U.S. efforts in the region in the 1990s primarily focused on containing Iraq. However, when a truck bomb devastated the Khobar Towers complex in Saudi Arabia on June 25, 1996, killing 19 American airmen, Washington suspected Tehran was responsible.

“I don’t want any piss-ant half-measures,” Pres. Bill Clinton told National Security Advisor Richard Clarke. The administration reportedly mulled a ground invasion of Iran.

Years later, Clinton’s former secretary of defense William Perry revealed that one of the Clinton administration’s contingency plans entailed an attack targeting “a number of their military facilities that would have weakened – substantially weakened … the Iranian navy and air force.”

“They feared what action we would take,” Perry said of the Iranians. “They rightly feared it. In fact I had a contingency plan for a strike on Iran, if it had been clearly established. But it was never clearly established, and so we never did that.”

In 2007, Perry said he was convinced that Al Qaeda had carried out the Khobar bombing.

In the 2000s in Washington, there was frequent talk of, and even detailed proposals for and against, a U.S. attack on Iran’s nuclear program. After the United States invaded Iraq in March 2003, some pundits advocated a follow-up invasion of Iran. “Everyone wants to go to Baghdad. Real men go to Tehran,” was a popular joke among neoconservatives.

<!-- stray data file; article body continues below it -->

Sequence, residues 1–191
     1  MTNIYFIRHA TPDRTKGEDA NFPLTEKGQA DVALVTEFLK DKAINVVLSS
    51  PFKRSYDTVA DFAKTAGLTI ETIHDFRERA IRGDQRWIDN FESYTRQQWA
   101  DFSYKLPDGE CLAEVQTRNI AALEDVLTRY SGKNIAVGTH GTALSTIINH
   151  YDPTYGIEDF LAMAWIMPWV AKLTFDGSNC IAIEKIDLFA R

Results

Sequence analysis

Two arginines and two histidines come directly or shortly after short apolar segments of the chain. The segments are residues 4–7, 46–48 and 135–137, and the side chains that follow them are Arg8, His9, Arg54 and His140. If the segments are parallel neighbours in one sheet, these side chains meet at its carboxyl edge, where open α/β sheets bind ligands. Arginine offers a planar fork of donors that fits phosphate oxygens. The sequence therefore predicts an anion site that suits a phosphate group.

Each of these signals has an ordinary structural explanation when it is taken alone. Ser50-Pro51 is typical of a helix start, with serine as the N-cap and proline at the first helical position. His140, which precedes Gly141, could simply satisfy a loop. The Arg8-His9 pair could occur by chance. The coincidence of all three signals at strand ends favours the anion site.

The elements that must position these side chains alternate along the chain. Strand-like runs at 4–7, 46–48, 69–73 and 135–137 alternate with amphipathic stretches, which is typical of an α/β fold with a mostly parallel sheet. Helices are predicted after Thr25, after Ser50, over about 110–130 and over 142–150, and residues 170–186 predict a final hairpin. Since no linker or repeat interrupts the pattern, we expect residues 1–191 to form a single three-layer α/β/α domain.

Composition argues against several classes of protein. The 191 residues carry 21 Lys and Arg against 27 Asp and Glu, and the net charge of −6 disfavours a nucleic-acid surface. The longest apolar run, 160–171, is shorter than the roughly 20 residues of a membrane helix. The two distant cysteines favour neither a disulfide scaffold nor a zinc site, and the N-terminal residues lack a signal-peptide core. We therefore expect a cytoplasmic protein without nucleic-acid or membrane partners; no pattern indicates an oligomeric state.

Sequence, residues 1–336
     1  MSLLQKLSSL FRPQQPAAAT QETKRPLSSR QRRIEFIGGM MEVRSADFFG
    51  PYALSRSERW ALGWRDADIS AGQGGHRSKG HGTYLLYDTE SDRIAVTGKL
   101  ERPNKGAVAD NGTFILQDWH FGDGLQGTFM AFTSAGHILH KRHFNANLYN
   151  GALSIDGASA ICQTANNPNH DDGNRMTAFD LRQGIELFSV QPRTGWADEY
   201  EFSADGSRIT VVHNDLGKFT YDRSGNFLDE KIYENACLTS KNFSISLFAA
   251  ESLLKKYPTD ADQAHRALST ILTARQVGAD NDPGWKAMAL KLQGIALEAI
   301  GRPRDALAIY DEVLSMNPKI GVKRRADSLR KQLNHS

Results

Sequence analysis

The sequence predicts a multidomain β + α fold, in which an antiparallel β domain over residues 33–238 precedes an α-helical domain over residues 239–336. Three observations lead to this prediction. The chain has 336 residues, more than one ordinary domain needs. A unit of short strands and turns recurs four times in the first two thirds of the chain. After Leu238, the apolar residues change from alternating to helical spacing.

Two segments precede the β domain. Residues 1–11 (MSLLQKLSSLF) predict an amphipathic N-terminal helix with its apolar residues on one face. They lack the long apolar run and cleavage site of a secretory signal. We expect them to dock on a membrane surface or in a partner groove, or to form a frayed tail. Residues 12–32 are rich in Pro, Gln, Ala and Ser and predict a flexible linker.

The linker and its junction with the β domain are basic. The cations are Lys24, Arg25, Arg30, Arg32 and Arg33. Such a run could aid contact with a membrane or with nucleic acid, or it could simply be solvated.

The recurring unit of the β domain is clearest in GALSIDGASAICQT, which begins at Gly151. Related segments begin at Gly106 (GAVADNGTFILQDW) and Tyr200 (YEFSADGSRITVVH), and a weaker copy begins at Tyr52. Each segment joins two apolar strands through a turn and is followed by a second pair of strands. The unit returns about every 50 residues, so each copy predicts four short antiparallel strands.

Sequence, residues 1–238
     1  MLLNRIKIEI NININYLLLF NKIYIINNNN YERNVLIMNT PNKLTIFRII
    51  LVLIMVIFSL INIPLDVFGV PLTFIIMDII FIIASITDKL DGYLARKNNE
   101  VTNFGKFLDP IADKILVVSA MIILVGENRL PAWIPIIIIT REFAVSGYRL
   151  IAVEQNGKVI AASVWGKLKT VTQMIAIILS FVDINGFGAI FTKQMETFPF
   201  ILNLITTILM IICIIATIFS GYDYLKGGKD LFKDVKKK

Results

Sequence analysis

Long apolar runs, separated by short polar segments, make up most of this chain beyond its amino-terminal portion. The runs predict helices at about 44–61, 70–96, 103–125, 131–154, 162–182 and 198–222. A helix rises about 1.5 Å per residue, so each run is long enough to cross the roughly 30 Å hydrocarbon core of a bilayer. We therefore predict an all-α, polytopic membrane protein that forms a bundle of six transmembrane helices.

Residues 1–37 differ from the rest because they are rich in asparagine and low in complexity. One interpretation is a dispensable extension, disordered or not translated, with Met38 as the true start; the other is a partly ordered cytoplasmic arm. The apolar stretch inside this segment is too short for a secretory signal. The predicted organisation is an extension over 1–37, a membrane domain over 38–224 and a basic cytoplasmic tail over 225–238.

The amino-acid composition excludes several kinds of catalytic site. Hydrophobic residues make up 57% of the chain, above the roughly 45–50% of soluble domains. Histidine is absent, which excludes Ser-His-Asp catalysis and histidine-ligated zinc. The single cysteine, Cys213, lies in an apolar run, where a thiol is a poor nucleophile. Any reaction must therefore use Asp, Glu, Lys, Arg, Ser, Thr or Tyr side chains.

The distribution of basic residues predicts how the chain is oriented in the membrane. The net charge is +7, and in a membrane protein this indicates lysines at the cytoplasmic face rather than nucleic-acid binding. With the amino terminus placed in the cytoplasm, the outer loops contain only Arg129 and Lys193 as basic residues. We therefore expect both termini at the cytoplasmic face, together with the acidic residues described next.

Soon the United States was bogged down in Afghanistan and Iraq. Invading Iran lost its appeal. As early as July 2003, one commentator writing in The Los Angeles Times argued that talk of confronting Iran constituted “an empty threat, since the U.S. does not have the military means and the American people do not have the will to invade Iran.”

“The threat of American military intervention, therefore, only helps the conservative mullahs to rally people around the Iranian flag.”

A decade later, attitudes changed. In the summer of 2018, the Trump administration withdrew Washington from the July 2015 nuclear deal with Iran and imposed harsher economic sanctions on Tehran. Trump’s national security advisor John Bolton, told a rally of the militant anti-Iran Mojahedin-e Khalq group that he sought regime change in Tehran “before 2019.” The administration later claimed it didn’t seek regime-change.

For decades, Americans have argued for and against invading Iran. The arguing continues.